Sept. 14 (Bloomberg) -- The power of hurricanes to drive up oil prices is diminishing as the proportion of U.S. crude coming from the Gulf of Mexico falls to a 14-year low because of the increase in onshore shale production.
Oil prices were little changed in the week ended Aug. 31 even as more than 90 percent of Gulf capacity was shut for five consecutive days with Hurricane Isaac hitting the region. Oil jumped 44 percent in 2008 during Hurricane Ike and 14 percent in 2005 when Katrina devastated the Gulf Coast. Crude inventories rose a week after Isaac made landfall in Louisiana while Katrina cut stockpiles for six straight weeks.
U.S. oil production reached a 13-year high in July as growth in output from shale-rock formations, including the Bakken in North Dakota, bolstered supplies and sent inventories to the most since 1990. Production in the federal waters of the Gulf will account for 21 percent of domestic output this year, the lowest level since 1998 and down from 29 percent in 2009, according to Energy Department data.
“The U.S. supply story is shale production,” Harry Tchilinguirian, BNP Paribas SA’s London-based head of commodity markets strategy, said in a phone interview yesterday. “It’s not so much about the Gulf and the impact of hurricanes is just a temporary shutdown of production that should recover quite rapidly.”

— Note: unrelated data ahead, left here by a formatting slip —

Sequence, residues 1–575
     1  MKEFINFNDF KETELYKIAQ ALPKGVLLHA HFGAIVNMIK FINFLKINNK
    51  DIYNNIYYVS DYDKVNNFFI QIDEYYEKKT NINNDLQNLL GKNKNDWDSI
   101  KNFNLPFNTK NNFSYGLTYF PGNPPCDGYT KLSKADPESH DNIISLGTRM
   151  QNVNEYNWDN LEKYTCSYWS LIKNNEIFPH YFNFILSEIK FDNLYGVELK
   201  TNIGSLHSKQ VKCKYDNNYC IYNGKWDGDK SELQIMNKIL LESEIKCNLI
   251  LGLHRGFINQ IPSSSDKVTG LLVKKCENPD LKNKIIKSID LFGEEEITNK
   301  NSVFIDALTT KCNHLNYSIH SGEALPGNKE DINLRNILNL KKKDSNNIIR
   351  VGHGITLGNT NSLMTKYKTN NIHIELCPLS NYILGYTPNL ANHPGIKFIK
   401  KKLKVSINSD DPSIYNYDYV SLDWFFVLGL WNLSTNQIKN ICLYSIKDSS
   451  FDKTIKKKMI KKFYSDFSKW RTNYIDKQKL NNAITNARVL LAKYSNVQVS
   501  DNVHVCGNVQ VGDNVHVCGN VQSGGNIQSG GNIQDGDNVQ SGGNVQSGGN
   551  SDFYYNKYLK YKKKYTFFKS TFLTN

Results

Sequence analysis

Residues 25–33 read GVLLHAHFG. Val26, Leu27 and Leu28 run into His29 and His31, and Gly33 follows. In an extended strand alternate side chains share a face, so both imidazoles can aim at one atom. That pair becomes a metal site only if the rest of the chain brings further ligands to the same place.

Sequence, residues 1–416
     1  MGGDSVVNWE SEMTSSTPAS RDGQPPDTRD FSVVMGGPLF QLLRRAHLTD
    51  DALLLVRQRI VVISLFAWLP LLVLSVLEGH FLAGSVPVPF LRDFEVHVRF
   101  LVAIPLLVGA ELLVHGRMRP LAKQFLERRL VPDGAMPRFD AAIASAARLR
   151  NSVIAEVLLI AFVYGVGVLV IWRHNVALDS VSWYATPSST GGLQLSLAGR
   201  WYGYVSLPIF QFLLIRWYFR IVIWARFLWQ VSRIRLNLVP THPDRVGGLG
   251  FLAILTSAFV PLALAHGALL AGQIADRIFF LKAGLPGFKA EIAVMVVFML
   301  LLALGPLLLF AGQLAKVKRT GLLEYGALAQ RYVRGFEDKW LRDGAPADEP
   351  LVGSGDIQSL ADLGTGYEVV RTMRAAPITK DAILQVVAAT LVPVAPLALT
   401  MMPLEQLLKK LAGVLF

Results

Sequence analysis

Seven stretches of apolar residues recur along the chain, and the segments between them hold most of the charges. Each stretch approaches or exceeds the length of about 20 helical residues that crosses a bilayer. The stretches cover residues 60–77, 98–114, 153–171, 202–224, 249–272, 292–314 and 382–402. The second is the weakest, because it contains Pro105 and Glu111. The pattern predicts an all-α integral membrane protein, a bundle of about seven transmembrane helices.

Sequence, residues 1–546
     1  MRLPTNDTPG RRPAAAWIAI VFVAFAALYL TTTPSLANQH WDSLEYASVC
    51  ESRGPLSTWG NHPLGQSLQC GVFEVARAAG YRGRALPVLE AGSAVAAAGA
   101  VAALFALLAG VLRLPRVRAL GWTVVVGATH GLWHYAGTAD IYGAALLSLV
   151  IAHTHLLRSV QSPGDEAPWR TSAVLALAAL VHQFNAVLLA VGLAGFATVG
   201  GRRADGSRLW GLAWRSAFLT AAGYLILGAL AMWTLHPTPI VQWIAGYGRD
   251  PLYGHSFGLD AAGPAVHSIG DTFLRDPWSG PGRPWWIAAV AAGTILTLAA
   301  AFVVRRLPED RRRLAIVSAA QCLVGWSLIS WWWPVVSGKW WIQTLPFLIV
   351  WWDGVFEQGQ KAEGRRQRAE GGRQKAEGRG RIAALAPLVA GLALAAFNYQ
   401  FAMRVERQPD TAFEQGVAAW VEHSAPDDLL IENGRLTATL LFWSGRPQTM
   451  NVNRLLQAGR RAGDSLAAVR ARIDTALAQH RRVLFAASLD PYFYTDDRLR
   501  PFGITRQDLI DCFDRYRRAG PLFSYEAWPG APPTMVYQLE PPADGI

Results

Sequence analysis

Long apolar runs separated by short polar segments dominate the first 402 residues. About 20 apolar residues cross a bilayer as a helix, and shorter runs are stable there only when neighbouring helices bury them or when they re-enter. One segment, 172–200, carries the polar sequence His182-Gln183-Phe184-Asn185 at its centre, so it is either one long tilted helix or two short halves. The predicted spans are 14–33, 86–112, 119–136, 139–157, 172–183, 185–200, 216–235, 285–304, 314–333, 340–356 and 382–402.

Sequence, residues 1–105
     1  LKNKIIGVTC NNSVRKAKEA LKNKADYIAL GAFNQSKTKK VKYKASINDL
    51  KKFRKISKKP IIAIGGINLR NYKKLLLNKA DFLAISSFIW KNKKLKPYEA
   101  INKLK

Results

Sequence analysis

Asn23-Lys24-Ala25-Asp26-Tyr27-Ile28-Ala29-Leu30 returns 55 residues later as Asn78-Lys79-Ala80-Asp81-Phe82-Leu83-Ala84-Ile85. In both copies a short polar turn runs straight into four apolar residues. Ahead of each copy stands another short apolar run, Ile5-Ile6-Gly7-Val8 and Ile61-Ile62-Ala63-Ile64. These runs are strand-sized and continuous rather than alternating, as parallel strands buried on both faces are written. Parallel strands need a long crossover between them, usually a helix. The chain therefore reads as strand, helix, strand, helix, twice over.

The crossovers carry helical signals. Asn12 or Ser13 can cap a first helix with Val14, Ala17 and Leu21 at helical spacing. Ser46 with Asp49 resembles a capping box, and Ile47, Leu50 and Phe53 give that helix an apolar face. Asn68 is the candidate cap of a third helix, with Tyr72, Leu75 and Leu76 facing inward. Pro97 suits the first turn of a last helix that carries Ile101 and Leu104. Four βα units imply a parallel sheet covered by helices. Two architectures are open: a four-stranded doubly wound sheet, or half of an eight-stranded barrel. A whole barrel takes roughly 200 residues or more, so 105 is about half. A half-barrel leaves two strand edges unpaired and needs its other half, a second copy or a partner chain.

Crude for October delivery gained 69 cents, or 0.7 percent, to settle at a four-month high of $99 a barrel on the New York Mercantile Exchange after climbing to $100.42 in intraday trading. Prices rose 2.7 percent this week. They increased 0.3 percent in the week ended Aug. 31.
Isaac, a Category 1 hurricane, made landfall on Aug. 28, shutting in as much as 1.31 million barrels a day of production on Aug. 30, or 95 percent of the region’s capacity, according to the Bureau of Safety and Environmental Enforcement.
Closures remained above 90 percent, or more than 1.2 million barrels a day, in the five days ended Sept. 1. About 36 percent of Gulf output was still shut on Sept. 7.
“Storms aren’t going to cause as much damage as they used to,” Kyle Cooper, director of commodities research at IAF Advisors in Houston, said in a phone interview. “The Gulf is still an important part of the U.S. oil market but its significance has been declining over the past few years.”
There were no storms threatening production in the Gulf of Mexico this week. Tropical Storm Nadine, the 14th named system of the Atlantic season, was 765 miles (1,235 kilometers) east-southeast of Bermuda and posed no threat to land, the National Hurricane Center said today in its latest advisory.
Isaac cut a total of 10.5 million barrels of oil supply from the Gulf, according to LCI Energy Insight, an energy analysis firm in El Paso, Texas.
“Obviously the Gulf is producing less oil and storms are not going to have the immediate price impact that we’ve seen in the past,” Luke Larson, vice president at LCI, said by phone yesterday.
Ike and Katrina cut more oil production than Isaac and caused more damage to offshore platforms.